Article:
(Yicai Global) Oct. 16 -- The USD6 billion in sovereign bonds China issued in Hong Kong yesterday, the first occasion the country has sold dollar debt directly to US investors, were oversubscribed nearly five times.
The yields on the three, five, 10 and 30-year notes was 0.425 percent, 0.604 percent, 1.226 percent and 2.31 percent, respectively. They were priced at more than 25 basis points below the initial price guidance, marking the lowest rate set by the Ministry of Finance in four years.
The debt sale drew USD28 billion in orders, 4.7 times the issue, according to the ministry, as China’s economy continues to stage a rapid recovery from the impact of the coronavirus.
China will be the only major economy to expand this year, the International Monetary Fund reiterated on Oct. 13 as the Washington-based organization raised its annual growth forecast for the world’s second-largest economy to 1.9 percent from a 1 percent prediction made in June.
Chinese equities are rising and domestic consumption rebounded strongly during the just-past National Day week-long holiday, factors that provided fertile ground for the issue, Samuel Fischer, head of China debt capital markets at Deutsche Bank, told Yicai Global. The offering drew the attention of many investors in the early stage, and market optimism has also positively impacted it.
The sale was the fifth foreign currency-denominated offering since China reinstated its offshore debt sales program in 2017. It is also the first time the country has adopted both the US Securities and Exchange Commission’s Regulation S and Rule 144A in an issuance.
Overseas US dollar-based bond sales generally follow these standards. The main difference between the two is whether the bond can be issued to qualified institutional investors in the US. Rule 144A applies to bonds issued to qualified institutional investors in the US onshore market. Reg S has looser disclosure requirements that allow the bonds to be issued in the US offshore market.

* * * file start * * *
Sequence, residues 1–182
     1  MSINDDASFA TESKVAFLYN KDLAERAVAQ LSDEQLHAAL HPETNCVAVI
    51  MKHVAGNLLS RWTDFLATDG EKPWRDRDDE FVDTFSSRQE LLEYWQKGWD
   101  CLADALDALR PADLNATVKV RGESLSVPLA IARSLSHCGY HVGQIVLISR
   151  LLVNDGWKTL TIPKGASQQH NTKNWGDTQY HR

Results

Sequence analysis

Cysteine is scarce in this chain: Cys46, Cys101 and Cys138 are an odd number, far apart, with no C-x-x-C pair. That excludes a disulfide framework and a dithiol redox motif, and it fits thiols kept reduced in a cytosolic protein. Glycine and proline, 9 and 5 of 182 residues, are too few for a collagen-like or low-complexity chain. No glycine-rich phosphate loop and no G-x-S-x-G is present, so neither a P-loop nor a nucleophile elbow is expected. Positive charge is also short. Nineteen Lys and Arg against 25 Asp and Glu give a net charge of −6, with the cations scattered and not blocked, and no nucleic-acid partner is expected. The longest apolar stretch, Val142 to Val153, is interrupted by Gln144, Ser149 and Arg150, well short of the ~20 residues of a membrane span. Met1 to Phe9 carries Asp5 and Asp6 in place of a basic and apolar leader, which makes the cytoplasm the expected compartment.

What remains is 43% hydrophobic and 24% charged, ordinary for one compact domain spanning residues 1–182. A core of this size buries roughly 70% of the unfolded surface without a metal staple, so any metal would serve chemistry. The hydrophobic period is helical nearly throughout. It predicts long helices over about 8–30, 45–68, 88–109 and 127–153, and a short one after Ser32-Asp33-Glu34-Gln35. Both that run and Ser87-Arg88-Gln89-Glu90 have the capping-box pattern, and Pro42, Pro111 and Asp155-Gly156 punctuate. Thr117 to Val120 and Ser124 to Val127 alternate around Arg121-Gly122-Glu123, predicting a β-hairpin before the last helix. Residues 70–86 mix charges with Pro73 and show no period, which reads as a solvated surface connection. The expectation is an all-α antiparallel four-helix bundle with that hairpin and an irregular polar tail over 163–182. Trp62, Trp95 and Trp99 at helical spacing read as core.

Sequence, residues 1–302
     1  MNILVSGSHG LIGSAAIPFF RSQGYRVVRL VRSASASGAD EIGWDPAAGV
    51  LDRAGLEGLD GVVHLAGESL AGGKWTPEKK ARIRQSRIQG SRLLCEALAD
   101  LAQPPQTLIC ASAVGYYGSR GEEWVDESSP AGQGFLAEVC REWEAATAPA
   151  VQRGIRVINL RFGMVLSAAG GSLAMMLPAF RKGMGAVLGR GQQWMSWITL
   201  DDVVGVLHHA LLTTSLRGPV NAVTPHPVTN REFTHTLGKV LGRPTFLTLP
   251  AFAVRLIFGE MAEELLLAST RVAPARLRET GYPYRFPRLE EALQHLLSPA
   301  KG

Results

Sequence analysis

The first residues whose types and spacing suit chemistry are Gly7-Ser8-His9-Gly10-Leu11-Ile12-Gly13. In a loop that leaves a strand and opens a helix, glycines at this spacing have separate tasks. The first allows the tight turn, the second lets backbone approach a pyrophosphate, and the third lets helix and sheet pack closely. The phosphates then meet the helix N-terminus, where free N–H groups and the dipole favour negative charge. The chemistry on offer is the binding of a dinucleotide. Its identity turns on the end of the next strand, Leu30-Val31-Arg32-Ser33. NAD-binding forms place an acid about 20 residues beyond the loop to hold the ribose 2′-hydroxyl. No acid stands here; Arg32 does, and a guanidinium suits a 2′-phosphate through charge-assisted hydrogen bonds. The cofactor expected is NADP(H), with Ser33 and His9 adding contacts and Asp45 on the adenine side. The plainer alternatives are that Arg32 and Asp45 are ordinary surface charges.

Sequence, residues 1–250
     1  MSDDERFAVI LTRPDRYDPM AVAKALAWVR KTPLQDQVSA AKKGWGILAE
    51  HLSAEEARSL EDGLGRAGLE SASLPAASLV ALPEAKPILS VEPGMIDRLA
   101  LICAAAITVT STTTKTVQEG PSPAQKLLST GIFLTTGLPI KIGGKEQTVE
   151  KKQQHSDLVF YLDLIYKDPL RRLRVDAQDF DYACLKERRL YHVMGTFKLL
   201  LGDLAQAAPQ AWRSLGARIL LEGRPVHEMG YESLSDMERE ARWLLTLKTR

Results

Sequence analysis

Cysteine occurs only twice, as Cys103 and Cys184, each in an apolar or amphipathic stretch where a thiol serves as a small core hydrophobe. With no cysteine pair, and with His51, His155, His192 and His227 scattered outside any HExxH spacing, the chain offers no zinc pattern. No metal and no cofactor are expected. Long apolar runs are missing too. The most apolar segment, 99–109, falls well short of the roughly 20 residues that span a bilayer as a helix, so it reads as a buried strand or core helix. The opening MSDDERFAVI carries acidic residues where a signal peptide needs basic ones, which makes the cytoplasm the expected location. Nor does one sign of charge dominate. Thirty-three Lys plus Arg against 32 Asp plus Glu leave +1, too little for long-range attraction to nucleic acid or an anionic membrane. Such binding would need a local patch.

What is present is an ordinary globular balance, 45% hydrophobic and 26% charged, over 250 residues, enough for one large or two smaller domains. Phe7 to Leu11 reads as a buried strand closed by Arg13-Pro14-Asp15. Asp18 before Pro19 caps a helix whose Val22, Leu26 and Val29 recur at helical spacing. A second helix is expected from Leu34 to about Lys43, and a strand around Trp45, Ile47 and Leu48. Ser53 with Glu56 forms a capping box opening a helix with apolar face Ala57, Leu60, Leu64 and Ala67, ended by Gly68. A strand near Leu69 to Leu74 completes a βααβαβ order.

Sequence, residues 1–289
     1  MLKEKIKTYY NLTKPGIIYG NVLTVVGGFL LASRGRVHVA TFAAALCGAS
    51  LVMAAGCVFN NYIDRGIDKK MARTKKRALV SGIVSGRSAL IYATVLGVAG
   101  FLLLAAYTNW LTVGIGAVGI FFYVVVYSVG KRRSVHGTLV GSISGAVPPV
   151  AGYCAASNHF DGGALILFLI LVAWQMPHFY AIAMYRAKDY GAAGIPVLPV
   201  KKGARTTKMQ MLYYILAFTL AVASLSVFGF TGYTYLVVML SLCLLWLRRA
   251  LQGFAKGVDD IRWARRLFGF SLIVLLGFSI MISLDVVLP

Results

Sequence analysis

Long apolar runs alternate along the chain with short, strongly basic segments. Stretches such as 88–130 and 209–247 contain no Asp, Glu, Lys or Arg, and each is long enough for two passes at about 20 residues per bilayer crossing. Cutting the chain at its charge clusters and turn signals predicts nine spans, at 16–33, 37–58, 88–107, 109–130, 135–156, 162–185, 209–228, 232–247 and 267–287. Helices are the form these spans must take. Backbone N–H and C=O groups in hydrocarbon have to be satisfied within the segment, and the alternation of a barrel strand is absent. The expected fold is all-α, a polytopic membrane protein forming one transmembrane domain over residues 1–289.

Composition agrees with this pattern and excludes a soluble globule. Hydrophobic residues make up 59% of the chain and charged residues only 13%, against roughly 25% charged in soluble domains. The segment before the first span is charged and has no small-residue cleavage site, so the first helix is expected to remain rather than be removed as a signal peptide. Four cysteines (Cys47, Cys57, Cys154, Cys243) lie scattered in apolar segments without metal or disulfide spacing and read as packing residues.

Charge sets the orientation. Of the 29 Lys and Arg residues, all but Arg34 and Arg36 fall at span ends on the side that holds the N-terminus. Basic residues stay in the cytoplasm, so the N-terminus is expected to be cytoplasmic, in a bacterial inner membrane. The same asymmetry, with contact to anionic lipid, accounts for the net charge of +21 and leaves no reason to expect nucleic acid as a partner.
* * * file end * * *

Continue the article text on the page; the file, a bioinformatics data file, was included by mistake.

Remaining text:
Rule 144A amends the Securities and Exchange Commission restrictions on trades of private offered securities so that these can trade among qualified institutional buyers with shorter holding periods -- six months or a year -- rather than the usual two-years. Reg S exempts “offers and sales of securities that occur outside of the United States” from the registration requirements of Section 5 of the Securities Act of 1933.
China’s finance ministry adopted Reg S or Rule 144A to include both onshore and offshore qualified investors in the US.
China’s bond market, the world’s second largest, is set to become even more attractive to overseas investors. FTSE Russell announced on Sept. 24 that it would add China to its flagship World Government Bond Index from October next year. It is the third major global bond index compiler after Bloomberg Barclays and JP Morgan to include Chinese government debt.
FTSE Russell’s decision to add the debt to its influential benchmark may attract as much as USD170 billion of additional funds into China’s bond market by the end of 2022, the macro strategy team at Standard Chartered Bank China said in a note at the time.
The lead bookrunners on the USD6 billion sovereign bond sale included Deutsche Bank, Bank of America Securities, Citigroup, Standard Chartered Bank and Bank of China, China Construction Bank and China International Capital Corp.
Editor: Ben Armour